McGruder continued to hold his position and inflict casualties on the

      When Maher began one of his patronizing speeches about the absurdity
      of comparing George Bush's America to Hussein's "totalitarian police
      state," McGruder quickly fired back that he had read the draft of
      Patriot Act II and that it looked to him like America was "well on
      its way" to becoming a police state.

      Maher continued to protest, though he was clearly dazed and appeared
      to be confused by the fact that someone snuck on his show who isn't
      afraid to tell the truth. With the enemy reeling, McGruder delivered
      a final, devastating attack by calmly explaining to the panel how it
      is "absolutely necessary" to keep the people in a state of constant
      fear if you want to strip away their civil rights.

      Maher's studio audience, by the way, registered its support for
      McGruder throughout the exchange.


      Honor the Troops?
      US Soldiers' Wives Fight Bitter Battle Of Their Own

      (AFP) -- As US troops battle remnants of Iraq's fallen regime, their
      wives are locked in a bitter struggle against money woes that have
      forced some to resort to charity handouts to survive.

      Low military salaries and the high cost of living in parts of the
      United States means that families of many of the lower ranking US
      troops fighting in Iraq live a hand to mouth existence.

      "I know several wives of Marines with small children who line up at
      churches for grocery handouts which are the only way they can survive
      the month and feed and cloth the baby," said military wife, Natalie
      Castro, 19.

      "Military salaries are so low that they are almost impossible for a
      family to live on, leaving some women desperate, especially now when
      we also have the emotional turmoil of worrying if our men are safe in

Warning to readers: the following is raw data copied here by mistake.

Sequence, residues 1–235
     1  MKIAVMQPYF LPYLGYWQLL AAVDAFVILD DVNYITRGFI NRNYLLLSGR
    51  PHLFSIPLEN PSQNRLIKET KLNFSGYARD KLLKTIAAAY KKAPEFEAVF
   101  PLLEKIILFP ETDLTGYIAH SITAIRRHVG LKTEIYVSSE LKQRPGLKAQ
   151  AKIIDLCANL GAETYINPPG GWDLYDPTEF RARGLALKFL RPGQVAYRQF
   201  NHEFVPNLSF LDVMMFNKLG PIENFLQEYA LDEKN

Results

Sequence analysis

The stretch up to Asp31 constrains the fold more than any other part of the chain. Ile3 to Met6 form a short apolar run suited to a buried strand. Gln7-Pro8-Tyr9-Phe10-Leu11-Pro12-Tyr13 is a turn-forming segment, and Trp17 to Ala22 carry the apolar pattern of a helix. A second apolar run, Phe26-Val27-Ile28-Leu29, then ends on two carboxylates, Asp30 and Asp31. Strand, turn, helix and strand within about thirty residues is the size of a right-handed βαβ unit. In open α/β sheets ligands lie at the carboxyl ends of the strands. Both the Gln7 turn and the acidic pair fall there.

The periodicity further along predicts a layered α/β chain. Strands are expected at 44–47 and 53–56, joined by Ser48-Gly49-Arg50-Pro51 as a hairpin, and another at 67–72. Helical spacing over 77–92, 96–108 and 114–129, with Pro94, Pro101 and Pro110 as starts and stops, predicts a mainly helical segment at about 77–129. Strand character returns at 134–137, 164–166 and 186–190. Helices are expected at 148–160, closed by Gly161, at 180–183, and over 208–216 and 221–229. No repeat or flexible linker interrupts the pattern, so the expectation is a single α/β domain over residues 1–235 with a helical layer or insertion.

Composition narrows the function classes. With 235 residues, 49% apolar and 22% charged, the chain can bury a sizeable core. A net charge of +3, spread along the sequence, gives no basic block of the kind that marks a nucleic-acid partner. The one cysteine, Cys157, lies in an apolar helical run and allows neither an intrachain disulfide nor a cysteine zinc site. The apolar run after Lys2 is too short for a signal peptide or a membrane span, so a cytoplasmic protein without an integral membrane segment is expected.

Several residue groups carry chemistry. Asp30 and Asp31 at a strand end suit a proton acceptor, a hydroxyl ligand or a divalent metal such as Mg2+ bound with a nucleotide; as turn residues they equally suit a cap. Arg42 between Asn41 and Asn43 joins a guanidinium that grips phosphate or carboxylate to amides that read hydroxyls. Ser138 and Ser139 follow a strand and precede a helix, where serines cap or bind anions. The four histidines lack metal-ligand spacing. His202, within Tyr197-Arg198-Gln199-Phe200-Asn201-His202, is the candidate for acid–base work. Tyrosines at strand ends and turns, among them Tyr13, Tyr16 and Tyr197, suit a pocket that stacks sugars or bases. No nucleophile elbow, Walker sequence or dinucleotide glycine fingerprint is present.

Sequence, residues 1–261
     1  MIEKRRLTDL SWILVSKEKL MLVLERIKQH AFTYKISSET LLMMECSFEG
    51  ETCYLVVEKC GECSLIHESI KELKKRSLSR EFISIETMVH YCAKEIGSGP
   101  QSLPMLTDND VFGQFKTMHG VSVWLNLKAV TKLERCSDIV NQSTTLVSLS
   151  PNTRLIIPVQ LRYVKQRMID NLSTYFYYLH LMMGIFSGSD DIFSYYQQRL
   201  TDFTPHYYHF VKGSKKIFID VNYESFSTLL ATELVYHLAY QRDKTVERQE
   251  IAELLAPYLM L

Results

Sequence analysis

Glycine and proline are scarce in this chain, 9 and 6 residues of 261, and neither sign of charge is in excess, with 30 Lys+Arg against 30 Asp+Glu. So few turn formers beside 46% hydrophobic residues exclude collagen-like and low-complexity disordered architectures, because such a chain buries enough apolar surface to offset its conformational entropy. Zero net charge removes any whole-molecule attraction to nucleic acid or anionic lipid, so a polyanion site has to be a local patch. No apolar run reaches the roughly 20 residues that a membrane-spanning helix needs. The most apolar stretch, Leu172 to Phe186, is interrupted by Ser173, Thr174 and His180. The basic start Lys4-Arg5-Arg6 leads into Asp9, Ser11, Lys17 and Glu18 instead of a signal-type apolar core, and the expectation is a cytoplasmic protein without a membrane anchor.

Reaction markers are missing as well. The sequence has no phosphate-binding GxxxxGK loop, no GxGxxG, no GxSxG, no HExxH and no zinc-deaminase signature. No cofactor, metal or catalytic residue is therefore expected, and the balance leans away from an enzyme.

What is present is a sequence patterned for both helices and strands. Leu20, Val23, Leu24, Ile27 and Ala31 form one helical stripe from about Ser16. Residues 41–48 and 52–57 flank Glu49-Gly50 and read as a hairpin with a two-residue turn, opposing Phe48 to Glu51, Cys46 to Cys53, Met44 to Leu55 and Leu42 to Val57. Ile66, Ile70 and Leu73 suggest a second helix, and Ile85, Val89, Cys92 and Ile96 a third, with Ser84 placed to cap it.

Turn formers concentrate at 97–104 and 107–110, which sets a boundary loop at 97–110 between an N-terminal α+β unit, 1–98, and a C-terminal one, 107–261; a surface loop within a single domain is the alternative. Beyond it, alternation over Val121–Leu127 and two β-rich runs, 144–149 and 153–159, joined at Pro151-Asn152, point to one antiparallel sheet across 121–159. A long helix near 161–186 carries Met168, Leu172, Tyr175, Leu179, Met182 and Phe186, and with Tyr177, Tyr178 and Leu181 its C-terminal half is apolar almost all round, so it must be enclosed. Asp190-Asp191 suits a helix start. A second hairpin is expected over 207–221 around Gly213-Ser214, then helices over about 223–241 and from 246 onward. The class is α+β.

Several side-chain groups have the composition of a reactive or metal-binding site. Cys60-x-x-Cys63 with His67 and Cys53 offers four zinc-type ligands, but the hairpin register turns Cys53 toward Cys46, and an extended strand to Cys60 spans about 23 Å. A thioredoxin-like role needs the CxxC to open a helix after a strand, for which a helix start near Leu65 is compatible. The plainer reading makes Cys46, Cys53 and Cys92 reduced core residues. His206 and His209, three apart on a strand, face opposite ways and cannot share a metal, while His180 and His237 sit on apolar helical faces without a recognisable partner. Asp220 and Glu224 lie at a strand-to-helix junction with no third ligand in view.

Iraq," she said.

      Like many of her friends, the mother of a seven-month-old boy, relies
      on an American Red Cross program to supply her with crucial baby
      formula and on additional help from the military community.

      Castro, the wife of a 21-year old Marine private, is one of around
      130,000 residents of Oceanside, which is dominated by Marines from
      the nearby Camp Pendleton base and lies near the upscale Californian
      city of San Diego.

      Much like other US military towns, Oceanside's main street is
      festooned with US flags, patriotic messages for the troops in Iraq
      and miles of yellow ribbons symbolising the town's vigil for loved
      ones who are fighting abroad.

      Like much of California, the sun drenched seaside town boasts an
      idyllic beach and a resort town atmosphere. But it also comes with
      the higher rental and retail prices that go with life on the
      glistening Pacific coast.

      The main street is lined with scores of loan agencies that lend cash
      strapped soldiers up to $US250 ($A413) dollars on their next salaries
      in return for a post-dated cheque and a hefty $US44 ($A72) dollar
      charge on the transaction.

      Low ranking privates and corporals - they make up 60 per cent of the
      US Marine Corps - take home only around $US800 ($A1,323) dollars a
      month after tax, or $US9,600 ($A15,881) dollars annually.

      The US Census Bureau classifies a family of three as poor if its cash
      income is less than $US14,128 ($A23,371) dollars a year, or $US11,569
      ($A19,138) dollars for a married couple.

      "We get a lot of young Marines' wives who need things like eggs,
      bread, vegetables and such items to get through the month," said
      Manny Garza who helps hand out food to the needy at Oceanside's St
      Mary's Church.

      "It's tough for them because they are so proud of what their husbands
      are doing, especially now that we are at war, yet they're battling at
      home," he said adding that many families did not like to talk of
      their financial woes.

      Even a combat pay boost awarded to troops in Iraq has not ended the
      monthly cash crunch that families of low ranking soldiers feel.

      "I've heard of women who are on welfare or use food stamps to go